- The Council’s policy says, “if the young person is eligible for adult social care support the named adult care manager attends the annual review meeting” when they are aged 16.
- In May 2016, there was a ‘Preparing for Adulthood’ meeting held about Mr X but the adult social care department says colleagues in children’s services did not inform it. An adult social care social worker did not attend a meeting about Mr X until an EHCP review in March 2017.
- The way in which the Council managed Mr X’s transition was fault. The failure of children’s services to tell adult social care about the meeting in May 2016 meant the Council did not meet the requirements of its own policy.
- The Council told the Ombudsman it did not believe this caused any injustice to Mr X. I disagree. Although the Council eventually completed an adult social care needs assessment before Mr X was 18, his foster parents significantly disputed its content. I conclude if there had been involvement from adult social care earlier, providing an opportunity to build up a rapport and better understanding of Mr X’s circumstances and his foster parents, that dispute may well not have happened. However, I accept it avoided the potentially bigger injustice of Mr X ending up in an unsuitable placement after he turned 18.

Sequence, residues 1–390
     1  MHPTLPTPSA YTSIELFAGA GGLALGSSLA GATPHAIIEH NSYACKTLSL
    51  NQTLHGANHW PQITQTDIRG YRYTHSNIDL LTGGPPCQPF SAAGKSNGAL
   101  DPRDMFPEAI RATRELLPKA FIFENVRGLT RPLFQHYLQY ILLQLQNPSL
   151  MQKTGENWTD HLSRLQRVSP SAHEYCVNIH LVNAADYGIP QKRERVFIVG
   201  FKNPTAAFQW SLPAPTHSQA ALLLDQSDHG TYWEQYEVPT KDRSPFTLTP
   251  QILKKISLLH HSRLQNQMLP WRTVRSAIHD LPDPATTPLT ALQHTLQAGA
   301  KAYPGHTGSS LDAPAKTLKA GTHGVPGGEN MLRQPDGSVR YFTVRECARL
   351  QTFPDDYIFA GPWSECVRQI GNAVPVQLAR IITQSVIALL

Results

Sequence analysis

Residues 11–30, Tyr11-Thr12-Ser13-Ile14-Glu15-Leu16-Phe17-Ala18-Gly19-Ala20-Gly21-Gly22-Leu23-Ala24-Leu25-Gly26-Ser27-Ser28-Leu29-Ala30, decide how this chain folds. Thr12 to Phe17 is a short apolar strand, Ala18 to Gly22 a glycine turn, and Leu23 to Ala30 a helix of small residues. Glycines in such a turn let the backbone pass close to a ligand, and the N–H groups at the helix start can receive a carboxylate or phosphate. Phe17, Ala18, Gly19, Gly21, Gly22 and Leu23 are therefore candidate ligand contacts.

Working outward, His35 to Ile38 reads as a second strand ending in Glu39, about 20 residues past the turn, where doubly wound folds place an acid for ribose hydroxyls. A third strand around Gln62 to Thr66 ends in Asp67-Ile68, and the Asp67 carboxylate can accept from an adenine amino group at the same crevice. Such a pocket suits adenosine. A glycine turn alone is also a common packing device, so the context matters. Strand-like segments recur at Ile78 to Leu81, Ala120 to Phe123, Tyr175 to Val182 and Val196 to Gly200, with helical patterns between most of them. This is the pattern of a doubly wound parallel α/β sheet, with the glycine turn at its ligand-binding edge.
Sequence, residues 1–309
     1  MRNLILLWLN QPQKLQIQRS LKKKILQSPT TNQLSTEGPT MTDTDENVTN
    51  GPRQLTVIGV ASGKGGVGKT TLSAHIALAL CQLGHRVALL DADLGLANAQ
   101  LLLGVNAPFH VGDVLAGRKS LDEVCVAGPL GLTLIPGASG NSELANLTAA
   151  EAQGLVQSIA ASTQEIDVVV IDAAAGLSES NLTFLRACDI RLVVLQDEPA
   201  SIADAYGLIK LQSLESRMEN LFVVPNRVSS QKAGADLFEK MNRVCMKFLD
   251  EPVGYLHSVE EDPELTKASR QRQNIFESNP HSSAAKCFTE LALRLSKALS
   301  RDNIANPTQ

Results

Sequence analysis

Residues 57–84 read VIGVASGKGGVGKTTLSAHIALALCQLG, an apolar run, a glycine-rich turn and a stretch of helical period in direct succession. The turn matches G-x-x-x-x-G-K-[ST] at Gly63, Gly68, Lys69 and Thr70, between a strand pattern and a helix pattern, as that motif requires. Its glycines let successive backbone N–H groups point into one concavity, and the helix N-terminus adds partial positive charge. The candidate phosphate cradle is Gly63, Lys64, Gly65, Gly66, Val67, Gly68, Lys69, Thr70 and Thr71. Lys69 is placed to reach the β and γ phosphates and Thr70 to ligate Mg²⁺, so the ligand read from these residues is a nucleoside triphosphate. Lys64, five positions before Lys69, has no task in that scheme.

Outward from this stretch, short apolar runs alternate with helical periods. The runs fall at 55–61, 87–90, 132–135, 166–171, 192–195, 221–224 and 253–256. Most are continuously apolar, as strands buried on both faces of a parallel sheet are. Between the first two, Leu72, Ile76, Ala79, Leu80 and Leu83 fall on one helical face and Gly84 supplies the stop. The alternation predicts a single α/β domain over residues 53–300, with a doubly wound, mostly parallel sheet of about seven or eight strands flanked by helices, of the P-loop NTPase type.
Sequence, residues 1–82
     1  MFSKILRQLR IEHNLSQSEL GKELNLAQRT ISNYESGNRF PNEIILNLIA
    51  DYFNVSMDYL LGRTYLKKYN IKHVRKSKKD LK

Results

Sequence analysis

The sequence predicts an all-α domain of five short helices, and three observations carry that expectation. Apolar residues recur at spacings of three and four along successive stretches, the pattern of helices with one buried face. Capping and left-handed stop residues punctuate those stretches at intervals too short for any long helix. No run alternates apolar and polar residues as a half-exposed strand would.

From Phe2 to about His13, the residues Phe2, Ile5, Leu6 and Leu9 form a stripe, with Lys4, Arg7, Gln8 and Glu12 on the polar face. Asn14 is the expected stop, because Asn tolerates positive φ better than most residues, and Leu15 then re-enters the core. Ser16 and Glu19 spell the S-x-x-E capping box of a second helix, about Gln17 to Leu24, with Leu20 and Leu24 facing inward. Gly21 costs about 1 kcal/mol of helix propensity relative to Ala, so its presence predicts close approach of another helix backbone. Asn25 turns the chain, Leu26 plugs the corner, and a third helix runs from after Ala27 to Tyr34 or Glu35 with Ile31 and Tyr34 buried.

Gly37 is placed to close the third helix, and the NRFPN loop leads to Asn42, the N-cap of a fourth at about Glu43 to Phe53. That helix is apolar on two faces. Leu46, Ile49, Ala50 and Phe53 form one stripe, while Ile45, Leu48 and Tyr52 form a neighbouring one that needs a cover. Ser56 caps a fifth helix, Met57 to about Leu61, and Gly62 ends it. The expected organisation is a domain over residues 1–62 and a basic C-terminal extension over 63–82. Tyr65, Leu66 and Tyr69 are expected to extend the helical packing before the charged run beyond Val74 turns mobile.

- A ‘staying put’ arrangement is different from a foster placement. The young person staying put is no longer a looked after child. Instead they are a care leaver entitled to support from an allocated personal adviser. The foster carer becomes their ‘former foster carer’ and the foster placement becomes a staying put arrangement.
- Ms Z says the Council imposed a staying put arrangement for Mr X at short notice, without consultation and without a proper agreement between the parties.
- I do not accept the Council imposed the arrangement. The alternatives for Mr X’s post-18 care would likely have had a more harmful effect on him. Nor was staying put a new idea for Mr X. There were discussions about it in meetings with his foster parents and a letter written by the Council in September 2017, addressed to Mr X, explained the Council’s reasons for moving him to a staying put arrangement.